Donald Trump will tell you that over 3 million illegal voters cast votes in the 2016 election. He is so convinced that the election was rife with fraud which swung the popular vote to Hillary that he established the Presidential Advisory Commission on Election Integrity to clean up the rolls.
How Did They Get That Number?
What he won’t tell you is the number he is swinging around was based on a statistical analysis of a study in Kansas that found four possible noncitizen voters in a 14 noncitizen sample and six potential noncitizen voters in a sample of 37 noncitizens. That same survey also found zero illegitimate voters in a much larger sample several times over. In fact, the samples the study used ranged from 14 survey respondents to 3200, but the statistical analysis ignored all but the shocking six in 37 sample. Extending that number to the estimated number of noncitizens in Kansas, Jesse Richman, a professor of political science at Old Dominion University in Norfolk, VA estimated a possible 18,000 noncitizen voters in Kansas. Taken further, the forecast for the U.S. would be just over 3 million.
The 2014 study was deeply flawed as it did not account for mistaken responses, accidental registrations or voters who registered before becoming naturalized among other things. The entire study has been called into question over the lack of controls. But that did not stop Kris Kobach, Secretary of State in Kansas from making the rounds on the political talk shows to defend the numbers. Briefly in the running for Secretary of Homeland Security, Kobach now serves as co-chair of the president’s Voter Commission.
What is the Commission Looking For?
According to ThinkProgress, Kobach and Vice President Mike Pence sent a letter on behalf of the Committee to the Secretaries of State in all 50 states asking for all of their publicly available voter information. The information that they are requesting includes voters’ full names, addresses, dates of birth, political party, last four digits of social security numbers, voter history, felony convictions, and other identifying information. There is no description in the letter of how that information will be used or secured.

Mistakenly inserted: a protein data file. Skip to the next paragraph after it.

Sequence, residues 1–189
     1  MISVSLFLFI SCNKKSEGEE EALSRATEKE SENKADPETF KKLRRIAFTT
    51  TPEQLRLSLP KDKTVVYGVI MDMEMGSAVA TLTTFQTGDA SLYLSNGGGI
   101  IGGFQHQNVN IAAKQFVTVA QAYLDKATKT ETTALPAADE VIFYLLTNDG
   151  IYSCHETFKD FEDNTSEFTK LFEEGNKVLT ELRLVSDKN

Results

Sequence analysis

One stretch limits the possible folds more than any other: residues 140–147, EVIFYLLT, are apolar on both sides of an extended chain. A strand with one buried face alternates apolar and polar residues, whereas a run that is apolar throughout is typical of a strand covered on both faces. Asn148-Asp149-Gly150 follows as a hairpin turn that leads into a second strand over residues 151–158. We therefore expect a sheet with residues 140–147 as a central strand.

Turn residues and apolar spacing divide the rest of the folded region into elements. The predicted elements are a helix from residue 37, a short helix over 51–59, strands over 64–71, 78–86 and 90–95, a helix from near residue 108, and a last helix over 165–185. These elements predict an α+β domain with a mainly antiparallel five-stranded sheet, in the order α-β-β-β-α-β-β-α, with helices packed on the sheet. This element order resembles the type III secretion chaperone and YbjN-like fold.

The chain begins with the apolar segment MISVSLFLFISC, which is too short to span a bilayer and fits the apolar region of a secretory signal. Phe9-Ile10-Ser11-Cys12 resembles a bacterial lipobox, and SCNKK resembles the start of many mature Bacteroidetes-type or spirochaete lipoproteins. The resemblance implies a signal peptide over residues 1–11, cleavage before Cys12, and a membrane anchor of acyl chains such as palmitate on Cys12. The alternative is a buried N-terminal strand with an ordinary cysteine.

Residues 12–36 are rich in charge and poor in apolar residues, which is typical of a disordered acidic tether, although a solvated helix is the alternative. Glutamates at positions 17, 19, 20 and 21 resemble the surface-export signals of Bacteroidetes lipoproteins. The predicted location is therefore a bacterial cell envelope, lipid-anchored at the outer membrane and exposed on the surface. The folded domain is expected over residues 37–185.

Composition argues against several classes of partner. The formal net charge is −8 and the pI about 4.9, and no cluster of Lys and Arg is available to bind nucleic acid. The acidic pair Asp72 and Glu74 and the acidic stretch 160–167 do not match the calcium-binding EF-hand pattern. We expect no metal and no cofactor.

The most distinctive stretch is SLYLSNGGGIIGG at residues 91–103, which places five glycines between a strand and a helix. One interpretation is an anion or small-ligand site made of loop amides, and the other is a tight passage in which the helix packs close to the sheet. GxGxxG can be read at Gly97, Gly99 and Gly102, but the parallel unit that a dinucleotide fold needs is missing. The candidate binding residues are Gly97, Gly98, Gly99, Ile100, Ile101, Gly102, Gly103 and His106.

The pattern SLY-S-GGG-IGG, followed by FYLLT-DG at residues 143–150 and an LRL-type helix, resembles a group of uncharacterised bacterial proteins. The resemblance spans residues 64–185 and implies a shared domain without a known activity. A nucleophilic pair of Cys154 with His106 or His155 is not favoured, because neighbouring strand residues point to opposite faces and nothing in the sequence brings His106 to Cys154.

The extensive voter data Kobach is now requesting from secretaries of state across the country raises the possibility that the commission will use those same methods to probe these voter rolls for suspected non-citizens or for people registered in more than one state, with huge potential to disenfranchise many legitimate voters.
Connecticut Secretary of State Denise Merrill (D) raised those concerns on Thursday, saying her state would share the requested information but would withhold protected data. In return, she asked Kobach to share any memos or additional information from commission meetings because the group has not been open about its mission.
“This lack of openness is all the more concerning, considering… Kobach has a lengthy record of illegally disenfranchising eligible voters in Kansas,” she said in a statement. “The courts have repudiated his methods on multiple occasions but often after the damage has been done to voters. Given Secretary Kobach’s history we find it very difficult to have confidence in the work of this Commission.”
The commission is not operating in a void, however. On Wednesday, the Department of Justice’s Civil Rights Division sent election officials in some states a request for policies and procedures about how they maintain their voting rolls—part of its enforcement of the National Voter Registration Act and the Help America Vote Act.
It is worth mentioning that Kobach’s Voter ID law in Kansas is currently the focus of two federal lawsuits.